The Vatican did not immediately respond to a request for comment.
The archbishop’s startling accusation will not come as a complete surprise to Vatican watchers, since he is part of a conservative camp that blames liberals, like the pope, for allowing homosexuality in the church. But it further complicates Francis’ efforts to persuade Irish Catholics that the church is ready to confront its legacy of concealing sexual abuse.
• After the pope’s meeting with survivors of abuse on Saturday, Francis traveled on Sunday to the west of Ireland to visit a shrine in the village of Knock.
• Francis again addressed the issue of child sexual abuse by members of the Catholic Church in a speech at Knock Shrine,” begging “for the Lord’s forgiveness.”
• Vigils were expected across the country, including one in Tuam, where the remains of hundreds of children were found buried in an abandoned septic system of a Catholic-run home for unmarried mothers.
• Here are highlights of the pope’s visit to Ireland from Saturday.
• The New York Times will have live coverage from Ireland throughout the pope’s two-day visit.
The pope leaves Dublin to visit a revered shrine
Francis headed on Sunday to the tiny, hilly village of Knock, home to fewer than 1,000 people. Knock has served as an engine of faith for the Catholic Church since 1879, when a group of townspeople reported seeing apparitions of the Virgin Mary and other members of the holy family.
Some 45,000 of the country’s Catholic pilgrims made their way here on Sunday, through heavy traffic and pouring rain. It is telling that Francis used his time here to beg for God’s forgiveness.
Under drizzly, misty skies and the soothing sound of Ave Maria, silent onlookers surrounded the Knock Shrine, which went into a lockdown at 9:20 a.m., a few minutes before the plane carrying Francis touched down at Ireland West airport.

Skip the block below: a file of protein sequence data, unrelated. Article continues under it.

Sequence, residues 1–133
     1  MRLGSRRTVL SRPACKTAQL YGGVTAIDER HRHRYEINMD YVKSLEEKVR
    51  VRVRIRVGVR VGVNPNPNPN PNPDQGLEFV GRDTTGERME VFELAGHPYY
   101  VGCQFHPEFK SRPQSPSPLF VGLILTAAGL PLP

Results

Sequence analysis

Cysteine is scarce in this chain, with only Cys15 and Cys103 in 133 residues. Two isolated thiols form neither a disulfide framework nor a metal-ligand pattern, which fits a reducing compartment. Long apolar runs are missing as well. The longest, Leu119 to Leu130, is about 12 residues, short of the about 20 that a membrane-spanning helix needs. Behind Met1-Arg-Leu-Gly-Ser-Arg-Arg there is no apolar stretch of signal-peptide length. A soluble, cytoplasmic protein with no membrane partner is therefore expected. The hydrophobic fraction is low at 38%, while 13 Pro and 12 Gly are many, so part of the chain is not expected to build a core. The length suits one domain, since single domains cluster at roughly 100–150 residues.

“The pope has arrived,” the choir announced, as a screen showed his descent from the steps of the plane. Audience members cheered, clapped and said, “God Bless him.”
At the shrine, the pope declared: “None of us can fail to be moved by the stories of young people who suffered abuse, were robbed of their innocence, who were taken from their mothers, and left scarred by painful memories.”
“This open wound challenges us to be firm and decisive in the pursuit of truth and justice. I beg the Lord’s forgiveness for these sins and for the scandal and betrayal felt by so many others in God’s family.”
Francis prayed at the shrine, asking the Virgin Mary to heal those who have been abused.
John Paul II also prayed here on the last papal visit to Ireland, in 1979. After that visit, the local priest, Monsignor James Horan, drew widespread mockery for vowing to build an airport in the tiny village.
“Now don’t tell anybody,” he told a television crew. “We’ve no money but we’re hoping to get it next week or the week after.”
The airport was competed in 1986, and, in its way, became a symbol of the power of the Irish church.
The village had prepared feverishly for this papal visit. More than 50,000 flowers were planted, buildings along the main road were repainted, and every bed-and-breakfast in town — including ones called the Lamb of God, Divine Mercy and the House of Eden — had been fully booked by Friday.
“It was very emotional when we saw the pope in 1979,” said Tina Stenson-Cunningham, 63, holding onto a railing by the road where the Popemobile was expected to pass through. “But now we’ve experienced more of life, it’s more meaningful, more spiritual,” she said.
— Iliana Magra and Jason Horowitz
Pope unleashes strong words against church abuse
On Saturday, in a 90-minute meeting with survivors, the pontiff forcefully expressed his disgust with the church’s history of sexual abuse, condemning “corruption and cover up within the church as ‘caca,’” using a Spanish word for excrement.
But his efforts, wrapped in the pomp and celebrity of a two-day visit, left some of his Irish audience cold.
“Usually, when someone comes to visit, you get to know them better,” wrote Fintan O’Toole in The Irish Times. “How can someone have such a warm and human touch on one hand and be so terribly out of touch on the other?”
Ireland has transformed itself over the past decade, throwing off the teachings of the Roman Catholic Church in a series of momentous steps following revelations not just of clerical sexual abuse, but also of the virtual enslavement of unwed mothers in so-called Magdalene laundries and other grim church-run institutions, and forced the adoptions of many of the children.